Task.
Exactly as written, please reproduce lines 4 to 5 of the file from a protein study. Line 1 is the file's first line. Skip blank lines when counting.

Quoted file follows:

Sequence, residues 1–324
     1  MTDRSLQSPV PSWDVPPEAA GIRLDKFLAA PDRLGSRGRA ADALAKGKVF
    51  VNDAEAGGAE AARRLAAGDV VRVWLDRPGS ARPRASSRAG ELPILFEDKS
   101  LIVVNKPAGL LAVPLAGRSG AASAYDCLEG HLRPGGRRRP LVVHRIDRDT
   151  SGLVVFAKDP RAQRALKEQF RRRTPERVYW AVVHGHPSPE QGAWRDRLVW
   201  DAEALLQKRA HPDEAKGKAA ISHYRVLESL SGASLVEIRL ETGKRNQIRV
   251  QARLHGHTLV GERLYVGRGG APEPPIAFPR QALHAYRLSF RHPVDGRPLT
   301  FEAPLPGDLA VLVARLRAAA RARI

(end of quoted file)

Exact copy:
   101  LIVVNKPAGL LAVPLAGRSG AASAYDCLEG HLRPGGRRRP LVVHRIDRDT
   151  SGLVVFAKDP RAQRALKEQF RRRTPERVYW AVVHGHPSPE QGAWRDRLVW